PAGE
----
Listen to this short audio clip:
The clip plays two notes that are two full octaves apart. That’s a greater range than many people can produce vocally. It should be easy for anyone to tell the difference between these two notes, even when heard in isolation, right?
A team led by Ulrich Weger has found a scenario where people make systematic errors judging these two very different notes. While most people get the notes right most of the time, by introducing a wrinkle into the testing, Weger’s team could reliably induce errors and slower response times.
They asked 20 undergraduate students to listen to these notes repeatedly, responding as quickly as possible to identify the notes. What was the wrinkle? First they had to read a word on a computer screen and make a judgment about it. Each word had either a good meaning (e.g. kiss) or a bad meaning (e.g. dead). 150 milliseconds after the volunteer responded with “good” or “bad,” one of the two tones was played through headphones. Respondents had to press the the “1” key if they heard the high-frequency tone, and “5” if they heard the low-frequency tone. How’d they do? Here are the results:
After reading positive words, the students made significantly fewer errors identifying the high-pitch tone than the low-pitch tone. After reading negative words, the results were reversed: students were significantly more accurate identifying low-pitched tones than high-pitched tones, even though the tones were two full octaves apart! A similar pattern was found in reaction times: they were faster to identify the high-pitched tone after positive words, and slower to identify it after negative words.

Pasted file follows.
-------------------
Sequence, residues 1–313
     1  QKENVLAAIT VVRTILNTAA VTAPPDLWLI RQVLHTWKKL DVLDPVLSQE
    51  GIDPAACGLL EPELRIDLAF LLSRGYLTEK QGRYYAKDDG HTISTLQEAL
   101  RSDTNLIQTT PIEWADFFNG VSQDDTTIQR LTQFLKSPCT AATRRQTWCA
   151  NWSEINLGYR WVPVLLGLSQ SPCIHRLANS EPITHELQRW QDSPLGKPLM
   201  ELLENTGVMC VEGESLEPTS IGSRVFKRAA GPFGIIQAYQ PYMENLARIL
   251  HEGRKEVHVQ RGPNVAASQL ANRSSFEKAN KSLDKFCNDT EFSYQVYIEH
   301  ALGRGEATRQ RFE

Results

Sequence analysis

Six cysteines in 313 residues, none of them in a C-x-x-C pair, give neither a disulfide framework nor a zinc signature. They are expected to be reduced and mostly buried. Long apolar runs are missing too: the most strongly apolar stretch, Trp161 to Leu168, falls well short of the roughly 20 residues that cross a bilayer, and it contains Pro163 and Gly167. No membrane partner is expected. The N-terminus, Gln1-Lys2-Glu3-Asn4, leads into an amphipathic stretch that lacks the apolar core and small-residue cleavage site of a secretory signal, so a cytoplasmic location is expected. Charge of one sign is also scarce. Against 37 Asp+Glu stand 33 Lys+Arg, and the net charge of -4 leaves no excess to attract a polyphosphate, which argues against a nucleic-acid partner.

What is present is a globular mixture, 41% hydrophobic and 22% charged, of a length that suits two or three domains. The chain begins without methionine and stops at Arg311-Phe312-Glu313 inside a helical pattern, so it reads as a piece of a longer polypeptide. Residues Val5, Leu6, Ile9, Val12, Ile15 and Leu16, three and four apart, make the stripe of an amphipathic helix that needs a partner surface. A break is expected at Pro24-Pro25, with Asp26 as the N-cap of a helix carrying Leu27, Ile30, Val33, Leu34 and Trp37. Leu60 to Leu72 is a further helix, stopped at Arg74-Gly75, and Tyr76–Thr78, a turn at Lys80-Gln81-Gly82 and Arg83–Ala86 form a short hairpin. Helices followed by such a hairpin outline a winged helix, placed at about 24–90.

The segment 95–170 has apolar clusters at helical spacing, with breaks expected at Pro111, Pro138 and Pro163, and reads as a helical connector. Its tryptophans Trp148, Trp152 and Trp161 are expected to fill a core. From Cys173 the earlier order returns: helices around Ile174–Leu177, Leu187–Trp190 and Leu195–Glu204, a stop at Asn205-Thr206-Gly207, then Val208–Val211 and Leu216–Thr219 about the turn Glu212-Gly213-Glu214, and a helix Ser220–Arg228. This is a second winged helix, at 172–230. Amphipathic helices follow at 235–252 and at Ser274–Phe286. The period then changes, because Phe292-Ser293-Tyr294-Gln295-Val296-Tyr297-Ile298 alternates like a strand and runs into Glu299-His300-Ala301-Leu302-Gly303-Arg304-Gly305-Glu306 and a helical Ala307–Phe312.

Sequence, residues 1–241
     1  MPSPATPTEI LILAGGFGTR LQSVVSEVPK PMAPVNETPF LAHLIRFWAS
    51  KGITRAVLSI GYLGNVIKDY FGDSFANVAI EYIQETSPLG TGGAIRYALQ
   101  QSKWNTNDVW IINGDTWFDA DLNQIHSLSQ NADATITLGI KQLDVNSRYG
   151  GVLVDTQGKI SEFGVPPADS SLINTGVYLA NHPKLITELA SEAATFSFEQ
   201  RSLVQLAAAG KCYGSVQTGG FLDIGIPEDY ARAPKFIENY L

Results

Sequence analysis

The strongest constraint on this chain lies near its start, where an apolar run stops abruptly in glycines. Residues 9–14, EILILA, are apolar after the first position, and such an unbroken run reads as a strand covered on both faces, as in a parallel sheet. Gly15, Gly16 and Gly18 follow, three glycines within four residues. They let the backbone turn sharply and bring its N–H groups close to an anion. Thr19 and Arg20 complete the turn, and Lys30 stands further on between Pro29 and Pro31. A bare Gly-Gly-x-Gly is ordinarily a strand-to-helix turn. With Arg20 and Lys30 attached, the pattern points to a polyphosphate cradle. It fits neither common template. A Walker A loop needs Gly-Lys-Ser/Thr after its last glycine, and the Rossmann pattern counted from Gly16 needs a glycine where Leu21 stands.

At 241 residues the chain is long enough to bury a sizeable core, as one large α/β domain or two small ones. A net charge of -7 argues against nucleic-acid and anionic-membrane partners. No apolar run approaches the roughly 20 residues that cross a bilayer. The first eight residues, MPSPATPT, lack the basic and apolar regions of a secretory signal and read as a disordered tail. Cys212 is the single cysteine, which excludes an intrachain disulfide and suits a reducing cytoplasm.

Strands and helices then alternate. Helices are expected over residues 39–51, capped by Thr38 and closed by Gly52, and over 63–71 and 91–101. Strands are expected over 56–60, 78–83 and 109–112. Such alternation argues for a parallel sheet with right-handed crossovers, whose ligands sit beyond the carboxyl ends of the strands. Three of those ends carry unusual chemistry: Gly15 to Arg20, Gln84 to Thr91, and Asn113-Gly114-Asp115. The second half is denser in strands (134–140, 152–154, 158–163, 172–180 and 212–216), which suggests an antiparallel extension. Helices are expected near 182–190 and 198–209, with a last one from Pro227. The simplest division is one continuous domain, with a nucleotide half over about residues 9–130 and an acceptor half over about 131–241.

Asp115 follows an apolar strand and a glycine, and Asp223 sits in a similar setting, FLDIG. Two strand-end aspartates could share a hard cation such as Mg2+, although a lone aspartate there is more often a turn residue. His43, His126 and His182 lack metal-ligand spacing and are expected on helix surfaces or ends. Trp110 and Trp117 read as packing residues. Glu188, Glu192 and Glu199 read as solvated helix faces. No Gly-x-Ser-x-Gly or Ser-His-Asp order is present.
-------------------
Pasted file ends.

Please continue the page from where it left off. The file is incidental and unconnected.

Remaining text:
Since these error rates are relatively low, the researchers repeated the experiment with tones that were more similar — about five notes apart on a traditional scale. The results were the same.
Weber’s team says their results are an example of affective priming. Good and bad words are metaphors for higher and lower things in space, just as high notes and low notes are. The students were led to think of “high” things when they read the positive words, which made it more difficult for them to identify the low notes.
The researchers were careful not to the terms “high” and “low” in the study at all, so they claim it’s clear that the results of the experiment show that the students in the study share a cultural bias to see negative words and low notes as physically low in space, and positive words and high notes as physically high in space.
Weger, U.W., Meier, B.P., Robinson, M.D., Inhoff, A.W. (2007). Things are sounding up: Affective influences on auditory tone perception. Psychonomic Bulletin & Review, 14(3), 517-521.